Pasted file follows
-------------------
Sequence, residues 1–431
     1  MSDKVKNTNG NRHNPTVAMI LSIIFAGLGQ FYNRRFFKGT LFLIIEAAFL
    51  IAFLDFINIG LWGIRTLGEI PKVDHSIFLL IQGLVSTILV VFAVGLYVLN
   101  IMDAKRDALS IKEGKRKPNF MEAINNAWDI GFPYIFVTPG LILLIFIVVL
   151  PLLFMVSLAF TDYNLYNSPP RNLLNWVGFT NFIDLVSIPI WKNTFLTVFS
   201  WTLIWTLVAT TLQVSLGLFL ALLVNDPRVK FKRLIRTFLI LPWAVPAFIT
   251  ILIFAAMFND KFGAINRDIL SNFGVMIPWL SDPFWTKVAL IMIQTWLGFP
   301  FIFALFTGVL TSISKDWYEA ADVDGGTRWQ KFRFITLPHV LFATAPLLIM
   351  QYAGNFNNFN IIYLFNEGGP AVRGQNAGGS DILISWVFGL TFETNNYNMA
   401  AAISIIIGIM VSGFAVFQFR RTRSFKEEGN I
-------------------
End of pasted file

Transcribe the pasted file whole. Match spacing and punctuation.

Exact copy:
Sequence, residues 1–431
     1  MSDKVKNTNG NRHNPTVAMI LSIIFAGLGQ FYNRRFFKGT LFLIIEAAFL
    51  IAFLDFINIG LWGIRTLGEI PKVDHSIFLL IQGLVSTILV VFAVGLYVLN
   101  IMDAKRDALS IKEGKRKPNF MEAINNAWDI GFPYIFVTPG LILLIFIVVL
   151  PLLFMVSLAF TDYNLYNSPP RNLLNWVGFT NFIDLVSIPI WKNTFLTVFS
   201  WTLIWTLVAT TLQVSLGLFL ALLVNDPRVK FKRLIRTFLI LPWAVPAFIT
   251  ILIFAAMFND KFGAINRDIL SNFGVMIPWL SDPFWTKVAL IMIQTWLGFP
   301  FIFALFTGVL TSISKDWYEA ADVDGGTRWQ KFRFITLPHV LFATAPLLIM
   351  QYAGNFNNFN IIYLFNEGGP AVRGQNAGGS DILISWVFGL TFETNNYNMA
   401  AAISIIIGIM VSGFAVFQFR RTRSFKEEGN I